POSITION: Small Forward
WEIGHT: 225 lbs
SCHOOL/ TEAM: Alabama
NBA Body - Rock solid build at 220
Versatility - Capable ball handler - can initiate the offense, good change of pace; Tons of potential as a playmaking combo forward
Grab & Go - Coast to coast ability off of a rebound, break starter
Athleticism - Very good athlete, decent quickness and handle, Quick first step
Using Ball Screens - At his best playing PNR when he can’t get downhill, strong enough to finish on bigs
Unselfish - Loves to pass and make plays for others
Cutting - Does a good job making cuts off the ball
Slashing - Drives to the basket out of control - often off balance resulting in low percentage shots; Doesn't finish well in traffic
Shooting - Definitely not a shooter (63% foul shooter too). Poor rotation on his shot; Awful shooter off the bounce, awful shooter in general
Decision making - Doesn’t trust his jumper so he drives into congestion; Takes poor angles in PNR and settles for jumpers
Turnovers - Poor ball security and decision making, negative assists to turnover ratio
Measuring in at 6’8” and 225 lbs, Braxton Key is physically the prototypical combo forward of today’s NBA. Key is more of a playmaking small forward, capable of beating his man off the dribble. At Alabama Coach Avery Johnson often gave Key the keys (pun intended) to run the offense for the Crimson tied who just missed making the NCAA Tournament.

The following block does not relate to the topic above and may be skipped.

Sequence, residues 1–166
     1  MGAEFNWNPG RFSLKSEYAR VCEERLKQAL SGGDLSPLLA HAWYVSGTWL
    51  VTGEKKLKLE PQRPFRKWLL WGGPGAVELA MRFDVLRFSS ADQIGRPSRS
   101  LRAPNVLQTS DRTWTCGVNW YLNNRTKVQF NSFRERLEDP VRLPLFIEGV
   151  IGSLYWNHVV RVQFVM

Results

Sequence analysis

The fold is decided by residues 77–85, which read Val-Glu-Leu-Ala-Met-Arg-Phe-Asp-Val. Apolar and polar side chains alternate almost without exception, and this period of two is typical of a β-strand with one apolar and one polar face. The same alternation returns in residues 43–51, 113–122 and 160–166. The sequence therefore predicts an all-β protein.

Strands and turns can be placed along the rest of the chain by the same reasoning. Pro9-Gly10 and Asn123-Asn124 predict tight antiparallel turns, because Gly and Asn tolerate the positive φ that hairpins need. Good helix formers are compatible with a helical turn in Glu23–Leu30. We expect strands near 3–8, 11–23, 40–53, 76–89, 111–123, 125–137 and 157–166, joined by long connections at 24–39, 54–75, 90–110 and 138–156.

Braxton Key is at his best when he’s initiating the offense in high PNR. He’s got an advanced handle for someone his size as he uses in and out combination moves to set up defenders so he can come cleanly off screens. Again, with him being 225 and athletic, Key can absorb contact from bigger defenders and finish at the rim. With the arrivals of two highly touted freshmen guards, it’ll be interesting to see if Coach Johnson will allow Key the same playmaking freedom. Braxton has decent vision, particularly in PNR due to his excellent size.
On the surface there’s a lot to like about Key, but when you dig deeper into the film, his flaws outweigh his strengths. Key can’t shoot at all and he has some of the ugliest misses. He’s got some kind of weird rotation on his shot where the ball almost dies in mid air. For someone that handles the ball so much, he’s really not a threat off of the dribble. Catching and shooting isn’t very good either and Key shooting 63% from the foul line isn’t helping his case. Another big flaw is Key’s overall decision making. He can wow you with a good pass in traffic but then fall over or try to make a play that just isn’t there. He averaged more turnovers than assists so is he really a guy you want handling the ball a lot?
JAMES BARLOWE - OCTOBER 13, 2017
Here is a breakdown of Key's possessions over the 2016-17 season